People + Strategy Journal

Spring 2022

Directors Roundtable

What is the boardroom perspective on talent challenges? What is the best advice from directors to HR leaders for navigating this era when talent is in the driver’s seat? Here three prominent executives comment on the changing dynamics of talent.

By Adam Bryant
Directors Roundtable

​How Directors View the Great Resignation

What is the boardroom perspective on talent challenges? How should companies balance all the pushes and pulls from various stakeholders? What is the best advice from directors to HR leaders for navigating this era when talent is in the driver’s seat? Adam Bryant, Directors Roundtable Editor, interviewed three prominent executives with deep board experience on the changing dynamics of talent. Their comments were edited for space.


  • Laurel Richie, Director at Synchrony Financial, SeatGeek, Bright Horizons
  • Kim Lubel, Director at Arcosa, Westlake Chemical, PBF Energy
  • Bob Brennan, Director at Fairwinds, BitSight, Thoughtworks

People + Strategy: What is your take on this Great Resignation moment?

Bob Brennan: COVID-19 has caused many of us to reconcile what we’re doing with what we want to be doing. Most of us have been stuck with ourselves for long periods, and that’s created a lot of time for reflection. I think that’s generally a good thing, although it obviously has negative effects for those who have decided that what they were doing doesn’t map to their aspirations or desires.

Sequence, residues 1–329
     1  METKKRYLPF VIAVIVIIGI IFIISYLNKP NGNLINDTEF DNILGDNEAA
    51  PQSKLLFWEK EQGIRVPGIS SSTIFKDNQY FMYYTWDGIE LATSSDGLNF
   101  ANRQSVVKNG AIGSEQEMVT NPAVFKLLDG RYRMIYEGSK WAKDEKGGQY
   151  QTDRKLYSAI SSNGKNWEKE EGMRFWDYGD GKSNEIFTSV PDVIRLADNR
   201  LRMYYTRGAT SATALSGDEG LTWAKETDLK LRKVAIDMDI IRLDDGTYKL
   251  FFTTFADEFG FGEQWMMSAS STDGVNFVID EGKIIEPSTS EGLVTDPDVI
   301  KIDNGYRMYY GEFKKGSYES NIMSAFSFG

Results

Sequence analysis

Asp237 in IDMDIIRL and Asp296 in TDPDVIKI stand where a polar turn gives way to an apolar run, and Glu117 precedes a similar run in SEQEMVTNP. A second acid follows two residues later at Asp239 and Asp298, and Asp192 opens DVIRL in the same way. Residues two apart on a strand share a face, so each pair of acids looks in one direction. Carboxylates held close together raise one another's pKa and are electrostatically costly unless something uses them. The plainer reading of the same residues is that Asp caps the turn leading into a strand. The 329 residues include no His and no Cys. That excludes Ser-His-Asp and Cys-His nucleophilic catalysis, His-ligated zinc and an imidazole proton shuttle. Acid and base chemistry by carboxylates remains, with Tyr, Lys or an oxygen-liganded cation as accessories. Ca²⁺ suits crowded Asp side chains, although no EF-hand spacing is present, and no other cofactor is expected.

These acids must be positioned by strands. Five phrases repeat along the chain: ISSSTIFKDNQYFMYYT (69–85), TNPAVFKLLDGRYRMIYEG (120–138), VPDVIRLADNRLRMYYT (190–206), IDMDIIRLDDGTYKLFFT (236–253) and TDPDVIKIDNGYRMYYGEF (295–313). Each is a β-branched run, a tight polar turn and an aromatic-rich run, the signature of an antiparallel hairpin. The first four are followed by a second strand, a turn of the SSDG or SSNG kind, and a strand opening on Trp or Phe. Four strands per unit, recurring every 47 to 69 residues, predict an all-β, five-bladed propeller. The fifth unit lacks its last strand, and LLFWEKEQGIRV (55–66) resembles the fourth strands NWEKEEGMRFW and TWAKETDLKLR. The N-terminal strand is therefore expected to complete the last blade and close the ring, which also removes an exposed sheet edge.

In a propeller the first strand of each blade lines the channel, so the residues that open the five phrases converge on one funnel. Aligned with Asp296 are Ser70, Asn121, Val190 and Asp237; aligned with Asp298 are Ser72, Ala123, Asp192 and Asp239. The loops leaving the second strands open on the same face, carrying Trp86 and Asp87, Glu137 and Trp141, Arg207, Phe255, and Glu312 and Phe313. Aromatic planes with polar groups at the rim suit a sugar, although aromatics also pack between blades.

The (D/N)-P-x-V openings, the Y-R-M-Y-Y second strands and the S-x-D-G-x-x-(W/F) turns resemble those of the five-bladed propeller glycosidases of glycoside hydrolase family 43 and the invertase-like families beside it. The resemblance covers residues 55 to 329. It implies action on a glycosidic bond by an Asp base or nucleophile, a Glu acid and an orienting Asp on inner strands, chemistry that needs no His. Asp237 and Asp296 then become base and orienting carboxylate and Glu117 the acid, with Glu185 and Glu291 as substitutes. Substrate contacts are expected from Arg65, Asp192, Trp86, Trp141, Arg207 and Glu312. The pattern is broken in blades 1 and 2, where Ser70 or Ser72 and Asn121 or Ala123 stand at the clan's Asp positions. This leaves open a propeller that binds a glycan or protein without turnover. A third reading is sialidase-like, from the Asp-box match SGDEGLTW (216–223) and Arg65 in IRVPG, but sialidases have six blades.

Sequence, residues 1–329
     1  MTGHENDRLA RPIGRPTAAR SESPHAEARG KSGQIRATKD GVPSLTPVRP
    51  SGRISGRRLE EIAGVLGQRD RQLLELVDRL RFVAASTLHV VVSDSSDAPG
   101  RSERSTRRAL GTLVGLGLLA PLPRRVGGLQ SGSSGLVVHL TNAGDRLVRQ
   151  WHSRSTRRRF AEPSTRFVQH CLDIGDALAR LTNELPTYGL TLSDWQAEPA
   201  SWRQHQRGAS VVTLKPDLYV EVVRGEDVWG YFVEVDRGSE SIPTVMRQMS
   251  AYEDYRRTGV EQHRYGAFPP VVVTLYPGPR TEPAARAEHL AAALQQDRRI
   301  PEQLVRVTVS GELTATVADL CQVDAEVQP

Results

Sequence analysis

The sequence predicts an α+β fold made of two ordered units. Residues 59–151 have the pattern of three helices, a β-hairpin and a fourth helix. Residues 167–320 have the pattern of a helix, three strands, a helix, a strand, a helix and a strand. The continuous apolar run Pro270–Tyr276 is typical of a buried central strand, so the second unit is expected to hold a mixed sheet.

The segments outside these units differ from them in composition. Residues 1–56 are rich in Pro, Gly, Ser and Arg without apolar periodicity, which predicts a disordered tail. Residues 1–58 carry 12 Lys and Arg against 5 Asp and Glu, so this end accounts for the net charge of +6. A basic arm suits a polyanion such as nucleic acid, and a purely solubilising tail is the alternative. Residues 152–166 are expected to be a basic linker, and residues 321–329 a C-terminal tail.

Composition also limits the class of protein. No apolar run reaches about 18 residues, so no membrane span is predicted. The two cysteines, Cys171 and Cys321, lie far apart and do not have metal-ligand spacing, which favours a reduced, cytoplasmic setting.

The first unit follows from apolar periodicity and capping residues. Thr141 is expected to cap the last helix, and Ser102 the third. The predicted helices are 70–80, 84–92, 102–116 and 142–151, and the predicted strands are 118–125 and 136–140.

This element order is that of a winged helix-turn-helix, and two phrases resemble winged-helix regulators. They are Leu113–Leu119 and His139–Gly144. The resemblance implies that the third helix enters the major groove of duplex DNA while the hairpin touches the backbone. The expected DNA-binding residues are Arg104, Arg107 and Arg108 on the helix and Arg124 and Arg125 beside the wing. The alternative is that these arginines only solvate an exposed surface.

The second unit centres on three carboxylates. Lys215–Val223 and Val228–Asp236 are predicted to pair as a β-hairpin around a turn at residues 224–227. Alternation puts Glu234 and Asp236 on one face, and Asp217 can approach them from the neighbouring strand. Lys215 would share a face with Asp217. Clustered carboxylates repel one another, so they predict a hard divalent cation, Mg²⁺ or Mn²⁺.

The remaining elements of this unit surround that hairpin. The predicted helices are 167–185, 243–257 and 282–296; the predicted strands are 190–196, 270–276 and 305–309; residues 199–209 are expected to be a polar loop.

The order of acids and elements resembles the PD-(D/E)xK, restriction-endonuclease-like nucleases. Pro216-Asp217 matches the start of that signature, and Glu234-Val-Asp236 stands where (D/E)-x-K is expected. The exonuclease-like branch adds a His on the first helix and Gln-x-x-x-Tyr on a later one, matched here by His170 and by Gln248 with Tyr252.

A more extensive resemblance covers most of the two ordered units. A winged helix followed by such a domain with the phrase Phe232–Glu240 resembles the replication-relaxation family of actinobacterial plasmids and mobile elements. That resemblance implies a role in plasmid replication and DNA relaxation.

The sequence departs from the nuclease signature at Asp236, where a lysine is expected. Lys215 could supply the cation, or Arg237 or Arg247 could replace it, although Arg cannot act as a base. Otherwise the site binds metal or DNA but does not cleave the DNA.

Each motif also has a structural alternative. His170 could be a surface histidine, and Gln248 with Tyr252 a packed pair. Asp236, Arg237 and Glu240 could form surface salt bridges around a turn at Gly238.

The metaphor for me is that it’s like a “dead reckoning,” which is roughly defined as calculating one’s position, usually at sea when you don’t have electronics. When we think about being first confronted with the pandemic, we worried about whether we or our loved ones would die from it. There was no data to guide us early on.

Months and months of working virtually—with no commute, lunch breaks or socializing, and maybe taking care of kids at home—was like living with no expert to guide us. We were all in the same storm, and so it became an exercise in positioning.